But it is quite nice to see some one writes so clearly about the danger of going to graduate in humanity. I am really not in humanity but many things are true in science as well.
Graduate School in the Humanities: Just Don’t Go By Thomas H. Benton
Just Don’t Go, Part 2
The Big Lie About the ‘Life of the Mind’
What to Advise Unemployed Graduates
Graduate School? Socrates Would Approve
An ‘Unsavory’ Appraisal of the Humanities Market
He described horrific life in graduate school, but life can be much worse than he described. Any case, no matter what people write, I would go to graduate school in science or engineer even if I had a chance to change my life completely. Of course I would plan it better than before. Depending on the topic of studies, scientists may show no sympathy to difficulties of graduates from humanity disciplines. Some of the topics they study seem to be just an extension of hobby, but the real value of education is hard to measure.
Waterloo is located 100 km west of Toronto. No one will stop by unless they are coming to universities or high tech companies since no particular attraction lures tourists. But it is a good place to get things done and lead high quality life without active night life. It has plenty of places to play soccer. When I was in Canada, I took nature and greens for granted. A Kurdish man told me he would never see such beautiful playing fields in Iraq. It is beautiful but it is flat as well. An often cited excuse for Waterloo is that it is just 2 hours away from Toronto. But from Waterloo, it will take more than an hours to get to Grey hound bus station. There is a Japanese culture club but I went there only a few occasions. It is mostly for undergrads and those grads who just come there for an exchange program and Canadians who like Japanese stuffs. These days that means they like games and mangas and not traditional cultural things, I think. US people have more stronger interest in Japan than Canadians in general in the east.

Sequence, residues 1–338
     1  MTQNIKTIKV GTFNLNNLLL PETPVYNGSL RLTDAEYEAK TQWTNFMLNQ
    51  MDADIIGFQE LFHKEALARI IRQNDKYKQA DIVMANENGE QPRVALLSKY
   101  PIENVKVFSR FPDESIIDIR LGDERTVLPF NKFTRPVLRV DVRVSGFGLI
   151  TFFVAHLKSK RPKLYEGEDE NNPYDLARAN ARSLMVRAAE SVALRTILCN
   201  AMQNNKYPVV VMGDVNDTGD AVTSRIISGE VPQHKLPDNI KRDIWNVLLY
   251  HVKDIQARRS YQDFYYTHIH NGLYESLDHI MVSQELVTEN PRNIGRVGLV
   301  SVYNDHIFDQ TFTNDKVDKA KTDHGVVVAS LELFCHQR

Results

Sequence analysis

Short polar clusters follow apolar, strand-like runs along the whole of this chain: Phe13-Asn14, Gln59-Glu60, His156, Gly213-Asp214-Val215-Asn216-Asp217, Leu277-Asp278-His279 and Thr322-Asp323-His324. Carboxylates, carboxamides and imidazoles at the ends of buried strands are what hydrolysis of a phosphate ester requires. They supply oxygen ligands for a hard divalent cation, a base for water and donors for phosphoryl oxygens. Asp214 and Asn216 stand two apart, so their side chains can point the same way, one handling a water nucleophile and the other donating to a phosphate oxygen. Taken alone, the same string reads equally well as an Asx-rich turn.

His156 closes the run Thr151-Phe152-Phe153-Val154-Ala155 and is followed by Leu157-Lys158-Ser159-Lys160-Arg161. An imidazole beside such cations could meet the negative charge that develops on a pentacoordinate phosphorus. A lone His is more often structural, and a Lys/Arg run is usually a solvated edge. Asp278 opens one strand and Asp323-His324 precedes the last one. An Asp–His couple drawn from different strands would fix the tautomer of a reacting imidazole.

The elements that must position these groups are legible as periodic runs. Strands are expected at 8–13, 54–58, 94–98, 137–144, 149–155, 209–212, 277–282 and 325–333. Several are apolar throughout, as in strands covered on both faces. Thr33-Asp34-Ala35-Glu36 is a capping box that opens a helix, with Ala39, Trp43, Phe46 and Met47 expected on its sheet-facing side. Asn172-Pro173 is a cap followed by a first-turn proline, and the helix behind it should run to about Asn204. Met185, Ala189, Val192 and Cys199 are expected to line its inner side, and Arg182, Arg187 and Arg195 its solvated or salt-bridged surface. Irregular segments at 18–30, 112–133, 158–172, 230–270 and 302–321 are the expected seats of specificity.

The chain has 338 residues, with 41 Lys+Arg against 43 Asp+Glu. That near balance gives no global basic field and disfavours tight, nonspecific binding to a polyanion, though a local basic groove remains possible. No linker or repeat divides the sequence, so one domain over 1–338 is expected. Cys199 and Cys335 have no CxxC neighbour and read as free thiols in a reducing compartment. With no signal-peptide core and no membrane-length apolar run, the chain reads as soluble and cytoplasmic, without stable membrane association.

University of Waterloo, Ont, Ca was on Globe, Asahi.
International students may experience different problems than people who grown up in a country where a school is located, but most difficulties can be overcome in the end. Some problems, though, can cause you to give up school and if that happens the life can be not so easy but this is the case for any one. Giving up school is sometimes better than being stuck on to a bottomless ditch. For graduate students, changing supervisors may help and for undergrads, changing schools or majors.
In regard to dealing with new people, I think changing elementary or high schools in your own country will give you more headaches; people in the US said same thing. There are many extremely smart international and domestic students; the best part of studying and living in a new place is you can meet many eccentric folks. On the other hand some graduate students in Canada are more interested in immigration than their studies and are happier to get their permanent residence card than their intended degree. Some always complain about their new places especially when people from a country get to gather Continue Reading